Apr 30, 2019
By Dana Basham
When I turn on the news, I brace myself for the worst. Today, violence is ever present and mass casualties, often times intentional, are happening all around us and far too often.
Being a college student in today’s society, I cannot help but feel worried. From the Sandy Hook shooting to the Parkland shooting, dozens of people have died yet almost no change has been made.
It has gotten to the point where we cannot wait around for our government to decide whether are lives are worth it or not. We need to make changes and take precautions ourselves.
If there is a shooting or another blood stricken tragedy, most bleed out in five to eight minutes. This short amount of time is precious and often times medical professionals are not able to get to those who are injured quick enough.
Through Stop the Bleed, civilians are given the training, empowerment and skills to be of help during a bleeding emergency. Through this campaign, civilians become the first responders themselves and are able to save lives.
The Stop the Bleed campaign is taking a stance, saying that if these mass casualties are going to occur, then we are going to be able to know when and how to take action. In the event of a tragedy, whether that is a mass casualty, a car crash or any other situation resulting in injured individuals, I want to be able to help.
It is heartbreaking to think how many lives could have been saved if those already on the scene knew basic medical training, like how to apply direct pressure to a wound. During a mass casualty “80% of victims are transported to hospitals by someone other than a trained ambulance crew”, which means time spent transporting the injured individual could also be time spent applying firm pressure to a wound.
When the Las Vegas shooting occurred, victims were arriving at the hospitals in the backs of Ubers and on the backs of strangers.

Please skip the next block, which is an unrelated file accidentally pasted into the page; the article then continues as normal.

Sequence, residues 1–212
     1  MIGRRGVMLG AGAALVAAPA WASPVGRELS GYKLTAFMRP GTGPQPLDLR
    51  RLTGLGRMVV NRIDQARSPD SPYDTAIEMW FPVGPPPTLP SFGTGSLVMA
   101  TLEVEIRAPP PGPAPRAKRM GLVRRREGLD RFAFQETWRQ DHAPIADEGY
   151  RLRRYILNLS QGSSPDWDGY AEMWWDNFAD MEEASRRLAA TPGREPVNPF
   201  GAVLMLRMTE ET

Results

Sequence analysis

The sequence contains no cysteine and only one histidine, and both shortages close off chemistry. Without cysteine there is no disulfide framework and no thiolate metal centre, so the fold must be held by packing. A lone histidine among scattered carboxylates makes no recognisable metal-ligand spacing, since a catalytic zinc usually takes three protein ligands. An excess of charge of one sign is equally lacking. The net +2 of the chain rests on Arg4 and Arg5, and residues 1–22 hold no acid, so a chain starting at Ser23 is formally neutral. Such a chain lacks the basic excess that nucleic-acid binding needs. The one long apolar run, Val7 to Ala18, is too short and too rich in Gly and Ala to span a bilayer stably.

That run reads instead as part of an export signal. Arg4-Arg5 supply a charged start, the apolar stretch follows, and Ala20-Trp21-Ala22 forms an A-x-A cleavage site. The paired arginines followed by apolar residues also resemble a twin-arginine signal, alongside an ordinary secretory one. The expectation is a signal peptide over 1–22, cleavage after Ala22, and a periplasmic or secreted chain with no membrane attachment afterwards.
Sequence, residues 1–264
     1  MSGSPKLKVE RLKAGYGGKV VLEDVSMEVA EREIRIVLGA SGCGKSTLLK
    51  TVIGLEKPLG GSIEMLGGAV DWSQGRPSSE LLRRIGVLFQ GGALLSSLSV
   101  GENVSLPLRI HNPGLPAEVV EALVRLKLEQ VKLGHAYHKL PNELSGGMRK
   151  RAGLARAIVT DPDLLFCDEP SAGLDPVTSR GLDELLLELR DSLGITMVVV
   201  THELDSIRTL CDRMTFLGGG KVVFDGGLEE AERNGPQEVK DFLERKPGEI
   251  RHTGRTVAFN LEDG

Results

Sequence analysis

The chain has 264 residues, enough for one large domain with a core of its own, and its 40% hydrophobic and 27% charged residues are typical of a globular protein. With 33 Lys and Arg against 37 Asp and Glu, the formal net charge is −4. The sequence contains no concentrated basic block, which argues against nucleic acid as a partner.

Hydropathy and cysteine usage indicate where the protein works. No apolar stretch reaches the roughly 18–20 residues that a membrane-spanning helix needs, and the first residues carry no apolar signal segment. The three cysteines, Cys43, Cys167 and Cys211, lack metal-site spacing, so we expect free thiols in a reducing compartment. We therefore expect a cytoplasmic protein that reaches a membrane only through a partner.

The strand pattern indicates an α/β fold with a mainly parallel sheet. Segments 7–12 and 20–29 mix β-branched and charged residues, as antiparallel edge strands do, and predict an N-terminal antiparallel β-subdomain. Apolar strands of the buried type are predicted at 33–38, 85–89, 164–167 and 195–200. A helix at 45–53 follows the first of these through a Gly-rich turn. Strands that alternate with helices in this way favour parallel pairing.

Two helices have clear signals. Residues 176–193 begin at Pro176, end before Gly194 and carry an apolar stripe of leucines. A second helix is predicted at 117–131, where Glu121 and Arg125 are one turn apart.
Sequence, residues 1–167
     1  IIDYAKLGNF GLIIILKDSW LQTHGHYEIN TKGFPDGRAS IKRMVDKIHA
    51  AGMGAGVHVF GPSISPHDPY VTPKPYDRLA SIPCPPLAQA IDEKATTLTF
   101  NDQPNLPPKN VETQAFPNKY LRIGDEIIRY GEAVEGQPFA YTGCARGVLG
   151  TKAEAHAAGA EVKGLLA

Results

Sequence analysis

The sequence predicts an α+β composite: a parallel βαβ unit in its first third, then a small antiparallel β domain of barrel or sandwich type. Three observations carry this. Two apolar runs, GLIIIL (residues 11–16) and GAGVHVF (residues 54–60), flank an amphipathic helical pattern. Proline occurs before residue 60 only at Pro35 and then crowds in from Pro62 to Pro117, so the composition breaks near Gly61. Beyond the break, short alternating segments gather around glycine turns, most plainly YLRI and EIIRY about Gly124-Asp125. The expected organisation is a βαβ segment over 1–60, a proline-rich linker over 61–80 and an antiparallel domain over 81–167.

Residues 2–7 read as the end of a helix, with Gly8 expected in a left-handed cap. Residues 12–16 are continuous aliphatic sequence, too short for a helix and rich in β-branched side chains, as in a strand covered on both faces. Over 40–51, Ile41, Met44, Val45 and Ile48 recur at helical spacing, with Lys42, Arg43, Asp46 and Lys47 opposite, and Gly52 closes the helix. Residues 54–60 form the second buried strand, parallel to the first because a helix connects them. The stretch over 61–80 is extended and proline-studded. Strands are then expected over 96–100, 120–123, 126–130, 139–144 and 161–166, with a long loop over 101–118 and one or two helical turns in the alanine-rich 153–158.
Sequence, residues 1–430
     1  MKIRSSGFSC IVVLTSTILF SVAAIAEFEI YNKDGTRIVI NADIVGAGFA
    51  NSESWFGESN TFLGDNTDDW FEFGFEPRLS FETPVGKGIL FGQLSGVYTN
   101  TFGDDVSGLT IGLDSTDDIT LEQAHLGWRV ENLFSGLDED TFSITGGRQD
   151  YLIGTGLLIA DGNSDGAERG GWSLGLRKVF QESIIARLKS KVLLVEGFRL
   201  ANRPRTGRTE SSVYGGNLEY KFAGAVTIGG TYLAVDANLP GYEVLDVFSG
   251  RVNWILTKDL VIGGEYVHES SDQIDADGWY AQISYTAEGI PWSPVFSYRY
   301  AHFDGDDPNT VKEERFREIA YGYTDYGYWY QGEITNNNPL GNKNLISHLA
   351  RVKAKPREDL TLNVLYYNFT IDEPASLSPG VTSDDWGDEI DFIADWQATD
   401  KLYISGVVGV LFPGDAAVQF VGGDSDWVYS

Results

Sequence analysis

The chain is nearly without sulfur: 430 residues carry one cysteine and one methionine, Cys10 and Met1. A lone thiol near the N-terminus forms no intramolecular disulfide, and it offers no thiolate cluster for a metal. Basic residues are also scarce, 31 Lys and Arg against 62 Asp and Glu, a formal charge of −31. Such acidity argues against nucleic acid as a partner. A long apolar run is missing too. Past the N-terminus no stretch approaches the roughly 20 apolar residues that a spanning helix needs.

When bleeding can be controlled or stopped, it is baffling why so many die from the loss of it. Most deaths are due to blood loss and not the original injury sustained, meaning that the knowledge of slowing down or stopping blood loss all together could be the reason someone makes it to the hospital alive.
During the Sandy Hook shooting, police entered the school ten minutes after the first 911 call was made. Those 10 minutes are precious in an event like this. Bystanders having first aid training on how to stop or slow down bleeding could mean life or death.
This training would not only help with knowing what to do but also build confidence. It is scary to step up and help. If you are like me, you can become scared of doing the wrong thing or making an issue worse. But with this training, that anxiety-induced mindset can be calmed and individuals can get the proper training and guidance to help them feel empowered to be able save a life.
These trainings are conducted at hospitals, fire and police departments and other health departments. They last about an hour long and are free of charge. This is one easy and simple action to take that could bare life-changing results.
Horrific acts of violence should never be seen as a new norm or something that we need to accept. It is important to note that Stop the Bleed is not normalizing violence or mass casualties. It doesn’t hurt to know what to do in case you bare witness to something that requires the aide of a first responder.
This is a minor step in the right direction but is in no way a solution. The next step is looking at violence and mass casualties in the face and saying no more. The laws and legislations that need to be put in place are in the government’s hand.
The solution to violence goes beyond clear backpacks and metal detectors. It even goes beyond the Stop the Bleed campaign.Change will happen when action is taken. But knowing how to save a life is a good start.
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